MariaDB Null Values - MariaDB

What are NULL values in MariaDB?

It is important fact that NULL values are unknown values. But they are not considered as empty strings or zero, but they are valid values. While Null values in table creation, column specifications allow for setting them to accept or reject them. So employ a NULL or NOT NULL clause. This has applications in cases of missing record information like an ID number.
It is mentioned that many user-defined variables have a value of NULL until explicit assignment. Stored routine parameters and local variables allow setting a value of NULL. It has a value when a local variable has no default value.
NULL is case-insensitive, and has the following aliases −
  • UNKNOWN (a boolean value)
  • \N

NULL Operators

Standard comparison operators cannot be used with NULL (e.g., =, >, >=, <=, <, or !=) because all comparisons with a NULL value return NULL, not true or false. Comparisons with NULL or possibly containing it must use the “<=>” (NULL-SAFE) operator.
Other available operators are −
  • IS NULL − It tests for a NULL value.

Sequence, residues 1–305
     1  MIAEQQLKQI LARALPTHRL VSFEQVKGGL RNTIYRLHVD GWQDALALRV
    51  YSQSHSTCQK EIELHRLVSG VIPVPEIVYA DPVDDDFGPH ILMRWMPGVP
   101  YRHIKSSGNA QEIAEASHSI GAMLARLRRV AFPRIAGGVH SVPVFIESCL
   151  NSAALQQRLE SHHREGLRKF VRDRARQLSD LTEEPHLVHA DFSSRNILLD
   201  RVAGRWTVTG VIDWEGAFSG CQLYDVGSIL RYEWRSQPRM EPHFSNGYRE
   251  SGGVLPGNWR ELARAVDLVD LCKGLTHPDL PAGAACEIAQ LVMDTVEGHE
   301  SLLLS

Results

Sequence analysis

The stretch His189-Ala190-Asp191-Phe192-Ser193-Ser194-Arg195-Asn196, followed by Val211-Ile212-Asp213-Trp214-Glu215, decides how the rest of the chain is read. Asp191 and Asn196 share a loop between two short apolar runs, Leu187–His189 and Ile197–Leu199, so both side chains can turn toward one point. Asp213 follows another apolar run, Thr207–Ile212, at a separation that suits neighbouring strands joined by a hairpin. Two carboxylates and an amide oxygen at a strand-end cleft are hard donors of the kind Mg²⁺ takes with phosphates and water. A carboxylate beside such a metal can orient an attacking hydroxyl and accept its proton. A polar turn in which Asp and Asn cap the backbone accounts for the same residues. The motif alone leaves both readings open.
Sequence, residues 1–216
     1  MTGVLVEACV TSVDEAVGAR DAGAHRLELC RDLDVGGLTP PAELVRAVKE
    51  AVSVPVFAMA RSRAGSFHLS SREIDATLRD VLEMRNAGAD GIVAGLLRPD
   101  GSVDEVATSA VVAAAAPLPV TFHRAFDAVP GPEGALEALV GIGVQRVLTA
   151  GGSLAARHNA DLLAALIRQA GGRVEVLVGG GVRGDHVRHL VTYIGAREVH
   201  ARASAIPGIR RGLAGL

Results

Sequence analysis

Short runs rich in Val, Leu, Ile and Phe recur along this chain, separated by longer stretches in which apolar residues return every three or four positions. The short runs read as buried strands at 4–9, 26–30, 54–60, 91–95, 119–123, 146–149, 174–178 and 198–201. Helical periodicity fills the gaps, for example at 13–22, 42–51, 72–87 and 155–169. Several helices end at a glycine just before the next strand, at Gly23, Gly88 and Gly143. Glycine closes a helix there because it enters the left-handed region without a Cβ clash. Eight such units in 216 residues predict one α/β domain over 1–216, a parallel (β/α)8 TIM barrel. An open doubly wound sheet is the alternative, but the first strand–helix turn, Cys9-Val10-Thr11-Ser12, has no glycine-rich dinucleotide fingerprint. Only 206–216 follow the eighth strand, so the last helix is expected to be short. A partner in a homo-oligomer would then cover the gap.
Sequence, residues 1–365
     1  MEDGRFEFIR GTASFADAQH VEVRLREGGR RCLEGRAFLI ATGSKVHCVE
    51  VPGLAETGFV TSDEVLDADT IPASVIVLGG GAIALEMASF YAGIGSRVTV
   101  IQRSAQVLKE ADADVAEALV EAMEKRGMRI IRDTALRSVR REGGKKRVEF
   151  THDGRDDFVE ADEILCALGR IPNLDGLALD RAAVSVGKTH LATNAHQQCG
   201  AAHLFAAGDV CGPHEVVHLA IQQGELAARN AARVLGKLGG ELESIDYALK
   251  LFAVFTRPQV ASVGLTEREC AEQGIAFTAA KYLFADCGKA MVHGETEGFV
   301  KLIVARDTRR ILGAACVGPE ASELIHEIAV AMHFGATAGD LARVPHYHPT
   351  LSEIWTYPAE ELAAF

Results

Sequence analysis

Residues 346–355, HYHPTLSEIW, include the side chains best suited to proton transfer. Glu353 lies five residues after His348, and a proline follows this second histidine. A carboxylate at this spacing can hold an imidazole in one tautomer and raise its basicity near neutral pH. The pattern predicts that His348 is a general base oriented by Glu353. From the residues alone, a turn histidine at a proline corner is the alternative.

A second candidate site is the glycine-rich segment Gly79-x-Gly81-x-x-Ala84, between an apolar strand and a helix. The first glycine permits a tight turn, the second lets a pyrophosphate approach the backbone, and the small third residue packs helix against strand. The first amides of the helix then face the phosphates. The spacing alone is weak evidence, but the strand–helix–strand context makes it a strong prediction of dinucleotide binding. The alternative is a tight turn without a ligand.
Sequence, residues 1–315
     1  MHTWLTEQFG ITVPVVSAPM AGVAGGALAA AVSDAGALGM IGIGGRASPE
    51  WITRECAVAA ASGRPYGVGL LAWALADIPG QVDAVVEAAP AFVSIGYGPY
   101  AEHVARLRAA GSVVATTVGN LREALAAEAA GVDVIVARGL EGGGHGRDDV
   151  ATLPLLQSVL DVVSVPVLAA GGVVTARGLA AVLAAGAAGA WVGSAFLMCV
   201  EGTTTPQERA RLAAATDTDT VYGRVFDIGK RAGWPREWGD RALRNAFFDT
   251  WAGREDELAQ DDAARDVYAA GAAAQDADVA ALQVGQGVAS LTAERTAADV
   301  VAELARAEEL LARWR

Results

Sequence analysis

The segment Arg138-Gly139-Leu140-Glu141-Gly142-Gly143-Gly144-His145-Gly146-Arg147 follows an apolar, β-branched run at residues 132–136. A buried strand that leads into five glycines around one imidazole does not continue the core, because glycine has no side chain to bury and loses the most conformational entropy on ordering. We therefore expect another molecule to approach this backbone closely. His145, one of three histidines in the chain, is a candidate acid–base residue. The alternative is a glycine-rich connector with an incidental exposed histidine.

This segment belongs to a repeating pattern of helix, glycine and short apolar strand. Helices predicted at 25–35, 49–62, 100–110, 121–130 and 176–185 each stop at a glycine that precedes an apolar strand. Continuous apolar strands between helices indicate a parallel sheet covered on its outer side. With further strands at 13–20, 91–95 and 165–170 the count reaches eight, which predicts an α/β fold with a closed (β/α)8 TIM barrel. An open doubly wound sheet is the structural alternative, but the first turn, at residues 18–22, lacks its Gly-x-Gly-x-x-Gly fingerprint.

• IS NOT NULL − It confirms the absence of a NULL value.
  • ISNULL − It returns a value of 1 on discovery of a NULL value, and 0 in its absence.
  • COALESCE − It returns the first non-NULL value of a list, or it returns a NULL value in the absence of one.

How to sort NULL Values?

In sorting operations, NULL values have the lowest value, so DESC order results in NULL values at the bottom. MariaDB allows for setting a higher value for NULL values.
There are two ways to do this as shown below –
The other way –

NULL Functions

Get NULL output when the parameters are NULL. Below mentioned functions are specifically designed for managing NULL values. They are −
  • IFNULL() − If the first expression is not NULL it returns it. When it evaluates to NULL, it returns the second expression.
  • NULLIF() − It returns NULL when the compared expressions are equal, if not, it returns the first expression.
Usually, functions like SUM and AVG ignore NULL values.

How to insert NULL Values?

When you insert a NULL value in a column is specified as NOT NULL, an error occurs. But in a default SQL mode, a NOT NULL column will insert a default value based on data type.
When a field is a TIMESTAMP, AUTO_INCREMENT, or virtual column, MariaDB manages NULL values differently. Insertion in an AUTO_INCREMENT column causes the next number in the sequence to insert in its place. In a TIMESTAMP field, MariaDB assigns the current timestamp instead.
UNIQUE indices can hold many NULL values, however, primary keys cannot be NULL.

NULL Values and the Alter Command

While, WMariaDB automatically assigns values when you use the ALTER command to modify a column in case of NULL specifications.

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